It’s partly because of the ocean

No matter where you are on campus, the ocean is always a few steps away. You’ll smell the salt air when you wake up in the morning, learn the cycles of the tides, and watch the color of the water and the patterns of the waves change with the seasons and the weather. Sometimes all it takes is one deep breath to let all that water remind you of the vastness of the world.

Related:

It’s also about size and scale

We’re intentionally small and community-focused, and you can feel that on campus. Meals in the dining hall (TAB) are welcoming and lively, with faculty, staff, and students eating and conversing together. Our classrooms are set up for discussion and engagement among small groups of 10–20.

And there’s something about the feel of the place

Dusk over a snowy campus.Maybe it has to do with natural materials, and human-scale structures, and a little bit of wildness in the midst of the everyday.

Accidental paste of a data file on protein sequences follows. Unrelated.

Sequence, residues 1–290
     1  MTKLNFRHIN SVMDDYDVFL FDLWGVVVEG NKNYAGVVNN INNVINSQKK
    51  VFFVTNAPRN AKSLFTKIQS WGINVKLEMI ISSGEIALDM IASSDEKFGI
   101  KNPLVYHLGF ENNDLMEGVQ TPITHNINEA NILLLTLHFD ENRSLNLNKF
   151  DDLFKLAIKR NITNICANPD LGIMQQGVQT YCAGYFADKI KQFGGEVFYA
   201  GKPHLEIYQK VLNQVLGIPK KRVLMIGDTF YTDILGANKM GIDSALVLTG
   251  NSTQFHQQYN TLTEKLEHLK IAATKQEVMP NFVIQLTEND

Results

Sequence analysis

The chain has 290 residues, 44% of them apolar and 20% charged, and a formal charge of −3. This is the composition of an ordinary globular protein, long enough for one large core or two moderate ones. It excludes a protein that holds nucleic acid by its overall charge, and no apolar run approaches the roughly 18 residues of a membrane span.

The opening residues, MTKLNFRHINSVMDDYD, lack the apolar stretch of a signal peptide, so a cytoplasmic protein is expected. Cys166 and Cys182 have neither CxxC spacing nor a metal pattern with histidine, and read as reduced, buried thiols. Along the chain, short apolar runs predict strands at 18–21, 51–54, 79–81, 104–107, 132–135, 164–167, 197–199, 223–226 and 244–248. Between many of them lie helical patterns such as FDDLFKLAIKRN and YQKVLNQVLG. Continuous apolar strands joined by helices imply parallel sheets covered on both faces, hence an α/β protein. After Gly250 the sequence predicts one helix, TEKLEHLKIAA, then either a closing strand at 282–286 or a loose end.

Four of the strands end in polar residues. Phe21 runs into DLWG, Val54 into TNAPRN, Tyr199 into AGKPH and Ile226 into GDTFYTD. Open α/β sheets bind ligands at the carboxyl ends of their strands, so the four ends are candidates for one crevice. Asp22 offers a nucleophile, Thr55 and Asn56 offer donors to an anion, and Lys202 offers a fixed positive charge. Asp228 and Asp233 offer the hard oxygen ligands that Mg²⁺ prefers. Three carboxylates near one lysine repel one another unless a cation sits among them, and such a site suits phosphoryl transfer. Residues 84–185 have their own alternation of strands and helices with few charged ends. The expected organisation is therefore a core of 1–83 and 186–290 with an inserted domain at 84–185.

Our buildings are a combination of rustic former cottages and newer green construction—you’ll see plenty of weathered wood shingles, but you’ll be hard-pressed to find any institutional-feeling bricks or cinder blocks. The main campus landmark is a giant finback whale skull. There are tucked-away gardens, old stone walls, canoes and kayak racks, and people smiling and saying hello to each other.

It’s hard to describe, but it’s palpable; you’ll just have to visit campus and see for yourself.